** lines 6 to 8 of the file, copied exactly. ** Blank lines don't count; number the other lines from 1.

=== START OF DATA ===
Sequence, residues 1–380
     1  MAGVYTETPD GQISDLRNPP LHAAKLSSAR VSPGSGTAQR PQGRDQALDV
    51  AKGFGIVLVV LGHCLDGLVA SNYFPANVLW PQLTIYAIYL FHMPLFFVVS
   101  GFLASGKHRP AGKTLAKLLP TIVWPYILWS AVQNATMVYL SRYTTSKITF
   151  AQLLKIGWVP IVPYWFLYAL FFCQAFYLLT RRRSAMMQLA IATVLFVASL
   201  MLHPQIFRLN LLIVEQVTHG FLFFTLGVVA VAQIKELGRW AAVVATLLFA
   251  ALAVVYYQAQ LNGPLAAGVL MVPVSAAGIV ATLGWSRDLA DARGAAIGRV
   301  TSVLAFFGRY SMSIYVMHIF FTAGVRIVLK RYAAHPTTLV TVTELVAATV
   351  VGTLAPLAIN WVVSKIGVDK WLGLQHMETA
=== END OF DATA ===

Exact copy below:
   201  MLHPQIFRLN LLIVEQVTHG FLFFTLGVVA VAQIKELGRW AAVVATLLFA
   251  ALAVVYYQAQ LNGPLAAGVL MVPVSAAGIV ATLGWSRDLA DARGAAIGRV
   301  TSVLAFFGRY SMSIYVMHIF FTAGVRIVLK RYAAHPTTLV TVTELVAATV